(ii) The Respondent has no rights or legitimate interests in respect of the disputed domain names; and
(iii) The disputed domain names have been registered and are being used in bad faith.
Having considered the Complaint and the available evidence, the Panel finds the following:
A. Identical or Confusingly Similar
Paragraph 4(a)(i) of the Policy requires a two-fold enquiry – a threshold investigation into whether a complainant has rights in a trade mark, followed by an assessment of whether the domain name is identical or confusingly similar to the trade mark.
For the purposes of paragraph 4(a)(i) of the Policy, it is accepted that a trade mark registered with a national authority is evidence of trade mark rights1 . The Panel therefore accepts that the Complainant has trade mark rights in ELECTROLUX by reason of its national registrations in Egypt and elsewhere.
The Panel finds the disputed domain names to be confusingly similar to the trade mark. The disputed domain names takes the whole of the trade mark and merely add nondistinctive material in the form of the generic Top-Level Domain, “.com”,2 and either the term “egy” or “-egy”. The Panel accepts the Complainant’s submission that the letters “egy” would be perceived by relevant Internet users as a form of shorthand for the country, Egypt. The Panel finds in any event that the addition of either “egy” or “-egy” to the trade mark is de minimus and if Internet users failed to attach any meaning to the letters, the trade mark would still remain the dominant and recognizable part of the domain name.
Accordingly, the Panel finds that the Complainant has satisfied paragraph 4(a)(i) of the Policy with respect to both disputed domain names.
B. Rights or Legitimate Interests
The Complainant has the burden to establish that the Respondent has no rights or legitimate interests in the disputed domain names. Nevertheless, it is well-settled that the Complainant need only make out a prima facie case, after which the onus shifts to the Respondent to rebut such prima facie case by demonstrating rights or legitimate interests 3.
Notwithstanding the lack of a Response to the Complaint, paragraph 4(c) of the Policy states that any of the following circumstances, in particular but without limitation, if found by the Panel to be proved based on its evaluation of all evidence presented, shall demonstrate rights or legitimate interests to a domain name for purposes of paragraph 4(a)(ii) of the Policy:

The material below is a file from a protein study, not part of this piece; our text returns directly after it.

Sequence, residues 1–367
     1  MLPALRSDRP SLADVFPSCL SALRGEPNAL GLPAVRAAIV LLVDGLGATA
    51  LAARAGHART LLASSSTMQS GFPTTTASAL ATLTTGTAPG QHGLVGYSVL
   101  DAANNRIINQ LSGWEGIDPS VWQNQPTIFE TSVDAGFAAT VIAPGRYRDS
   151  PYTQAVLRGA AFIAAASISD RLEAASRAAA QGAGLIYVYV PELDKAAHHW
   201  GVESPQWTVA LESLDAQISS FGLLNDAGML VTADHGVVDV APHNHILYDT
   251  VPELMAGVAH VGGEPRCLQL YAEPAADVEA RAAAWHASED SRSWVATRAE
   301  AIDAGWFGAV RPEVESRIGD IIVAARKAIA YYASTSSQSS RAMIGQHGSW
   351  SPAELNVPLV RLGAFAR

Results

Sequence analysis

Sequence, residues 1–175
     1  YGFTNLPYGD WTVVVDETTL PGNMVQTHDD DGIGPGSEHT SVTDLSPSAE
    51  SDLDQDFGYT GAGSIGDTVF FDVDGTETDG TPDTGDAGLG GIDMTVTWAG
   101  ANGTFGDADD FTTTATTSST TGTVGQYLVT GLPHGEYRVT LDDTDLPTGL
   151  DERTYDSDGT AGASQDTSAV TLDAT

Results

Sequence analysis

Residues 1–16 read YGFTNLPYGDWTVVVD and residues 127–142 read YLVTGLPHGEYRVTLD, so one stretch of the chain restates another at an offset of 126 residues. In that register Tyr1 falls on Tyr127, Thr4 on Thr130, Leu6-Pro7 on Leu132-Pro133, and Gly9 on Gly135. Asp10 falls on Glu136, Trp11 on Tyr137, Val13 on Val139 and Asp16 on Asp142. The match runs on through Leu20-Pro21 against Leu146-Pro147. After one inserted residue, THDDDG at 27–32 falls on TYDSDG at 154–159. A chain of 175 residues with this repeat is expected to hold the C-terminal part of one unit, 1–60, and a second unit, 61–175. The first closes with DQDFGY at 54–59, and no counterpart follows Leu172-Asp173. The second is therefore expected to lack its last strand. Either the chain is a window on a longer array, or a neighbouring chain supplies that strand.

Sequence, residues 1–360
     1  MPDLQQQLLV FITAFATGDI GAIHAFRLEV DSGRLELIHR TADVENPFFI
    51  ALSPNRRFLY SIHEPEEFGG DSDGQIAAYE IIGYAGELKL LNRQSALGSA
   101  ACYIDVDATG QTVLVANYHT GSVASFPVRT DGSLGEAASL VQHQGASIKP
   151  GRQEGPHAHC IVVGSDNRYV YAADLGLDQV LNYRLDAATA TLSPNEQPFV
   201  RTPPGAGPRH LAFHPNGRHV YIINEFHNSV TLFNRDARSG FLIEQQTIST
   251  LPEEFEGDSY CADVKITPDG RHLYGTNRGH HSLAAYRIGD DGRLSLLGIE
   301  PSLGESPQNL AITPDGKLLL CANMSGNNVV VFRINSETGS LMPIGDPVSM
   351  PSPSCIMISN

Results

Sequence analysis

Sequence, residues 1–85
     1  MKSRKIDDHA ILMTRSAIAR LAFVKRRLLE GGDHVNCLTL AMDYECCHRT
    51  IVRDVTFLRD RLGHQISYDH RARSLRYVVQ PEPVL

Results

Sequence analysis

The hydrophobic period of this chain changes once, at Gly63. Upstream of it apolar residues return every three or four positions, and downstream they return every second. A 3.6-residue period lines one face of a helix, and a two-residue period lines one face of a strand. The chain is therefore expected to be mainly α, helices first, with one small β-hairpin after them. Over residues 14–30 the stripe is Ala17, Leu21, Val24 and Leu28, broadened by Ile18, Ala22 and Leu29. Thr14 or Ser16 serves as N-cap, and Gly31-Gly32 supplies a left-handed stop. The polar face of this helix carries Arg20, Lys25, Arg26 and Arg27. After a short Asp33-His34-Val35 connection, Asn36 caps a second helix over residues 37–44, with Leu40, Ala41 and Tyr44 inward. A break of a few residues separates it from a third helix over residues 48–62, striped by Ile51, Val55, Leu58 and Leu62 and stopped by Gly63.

“(i) before any notice to you of the dispute, your use of, or demonstrable preparations to use, the domain name or a name corresponding to the domain name in connection with a bona fide offering of goods or services; or
(ii) you (as an individual, business, or other organization) have been commonly known by the domain name, even if you have acquired no trademark or service mark rights; or
(iii) you are making a legitimate noncommercial or fair use of the domain name, without intent for commercial gain to misleadingly divert consumers or to tarnish the trademark or service mark at issue.”
The publicly available WhoIs database does not support any conclusion that the Respondent might be commonly known by either of the disputed domain names. There is no evidence that the Respondent has trade mark rights in the disputed domain names, registered or not. There is no evidence that the respondent has permission to use the trade mark and the Complainant expressly states that it has not authorized the Respondent to use the trade mark.
The disputed domain names resolve to (commercial) websites which use the Complainant’s (logostyle) trade mark and so make a false suggestion of an association or affiliation with the Complainant. While the Panel notes that the Respondent appears to be selling the Complainant’s products, there is no disclaimer disclosing the relationship between the Respondent and the Complainant. In the result, there is no evidence of use of the disputed domain names in connection with a bona fide offering of goods or services.